H.A.G. Houghton. The Latin New Testament: A Guide to its Early History, Texts, and Manuscripts. Oxford: Oxford, 2016. xx + 366 pp. + 16 images. Hb. £25.
H.A.G. Houghton is Reader in New Testament Textual Scholarship at the University of Birmingham, where he is also Deputy Director of the Institute for Textual Scholarship and Electronic Editing. The University of Birmingham is at present one of — if not the — most important center for the textual criticism of the Bible in the United Kingdom. This establishes Houghton as one of the most experienced and authoritative voices on the subject with which this book is concerned.
As the back cover points out, “Latin is the language in which the New Testament was copied, read, and studied for over a millennium.” As such, looking at these manuscripts is important not only for their textual and ecclesial significance, but because of the insight they provide into how early translators understood the biblical texts as well as into early book technologies and transmission.
However, despite the importance of these texts, Houghton points out in his preface that much of the information regarding the Latin New Testament (LNT) manuscripts available to a wide audience is too far out of date to be of much use. Thus, Houghton recognized the need for a new, comprehensive volume that provides the history of the Latin New Testament. Furthermore, Houghton notes that, “almost all publications on the New Testament continue to employ an outdated set of sigla for Latin manuscripts,” a problem that he hopes to rectify (p. vii).
The book consists of three parts. Part I provides the history of the LNT and consists of five chapters which give the history of the LNT “from earliest times until the late Middle Ages” (p. 1). Chapter one addresses the first Latin Bibles through the end of the 3rd c. Chapter two covers from the beginning of the 4th c. until the beginning of the Vulgate. Chapter three focuses on the competing texts of the 5th to the 7th c. Chapter four highlights the role of Bede in Northumbria as well as the role of monasteries in the 8th and 9th c. Finally chapter five address biblical scholarship and heresy (eg., the Cathars of southern France) since the 10th c. These chapters bring into sharper focus the complexity of biblical transmission, a fact that has become increasingly recognized. The LNT did not appear on the scene in a single, universally accepted form. Rather, the extant Latin manuscripts are a part of a complex textual history that spanned millennia and vast geographical regions.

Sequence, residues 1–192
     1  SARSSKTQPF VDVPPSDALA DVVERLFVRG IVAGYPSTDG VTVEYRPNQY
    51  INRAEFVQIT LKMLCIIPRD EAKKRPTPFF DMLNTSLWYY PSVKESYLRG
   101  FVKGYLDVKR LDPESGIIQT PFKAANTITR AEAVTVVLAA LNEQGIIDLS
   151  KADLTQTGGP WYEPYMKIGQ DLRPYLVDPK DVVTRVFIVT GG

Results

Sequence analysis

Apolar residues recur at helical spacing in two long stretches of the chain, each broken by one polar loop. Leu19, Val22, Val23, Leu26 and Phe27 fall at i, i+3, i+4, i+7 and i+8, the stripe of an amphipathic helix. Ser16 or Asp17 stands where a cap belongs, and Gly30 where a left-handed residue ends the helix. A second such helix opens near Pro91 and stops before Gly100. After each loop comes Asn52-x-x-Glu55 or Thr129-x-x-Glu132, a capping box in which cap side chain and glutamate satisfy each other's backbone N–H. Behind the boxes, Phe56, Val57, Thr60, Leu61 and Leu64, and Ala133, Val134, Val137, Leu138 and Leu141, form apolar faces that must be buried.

Part II introduces the reader to the texts of the LNT. Chapter six introduces the reader to the standard scholarly editions of the LNT from Sabatier to the Vulgate. Next, chapter seven discusses the ways in which the LNT witnesses to the Greek tradition which lies behind it. This aspect of LNT study is one of the key aspects of textual criticism for the Greek New Testament. Finally, part II concludes with a summary of Latin manuscripts according to their content (Gospels, Acts of the Apostles, Pauline Epistles, Catholic Epistles, and Revelation).
Part III introduces the manuscripts of the LNT. Chapter nine discusses matters of book technology and scribal habits such as the materials used in the production of Latin manuscripts and Bibles, Script, punctuation, and decoration. Chapter ten concludes the main content of the book with a catalogue of the LNT manuscripts of the Vetus Latina Register, the Stuttgart Vulgate and the Oxford Vulgate.
Houghton also includes three very helpful appendices. Appendix 1 contains concordances of the manuscript sigla for the Old Latin and Vulate traditions. Appendix 2 contains the additional manuscripts cited in the Vetus Latina Latina editions and Appendix 3 lists additional Gospel manuscripts.
Houghton has produced a magisterial piece of scholarship and has done so in a way that is sure to benefit scholars and students alike. He has given a wide audience a clear introduction to the history and significance of the LNT as well as an invaluable reference text for the manuscripts of the LNT. As an introduction, the book is clear and concise; as a reference work, it is easy to navigate and decipher. Houghton has, without a doubt, produced a standard work for the present period of textual criticism which is taking place with renewed vigor.
If this were not enough, Houghton has also committed to providing corrections and updates (ie., manuscript photographs, bibliography, etc.) to his work though his website. This element, a product of our digital age, ensures that this text will remain relevant for years to come. The present reviewer commends this text to anyone in New Testament studies who would benefit from a deeper understanding of these invaluable textual witnesses to the New Testament.
– Stephen D. Campbell, Durham University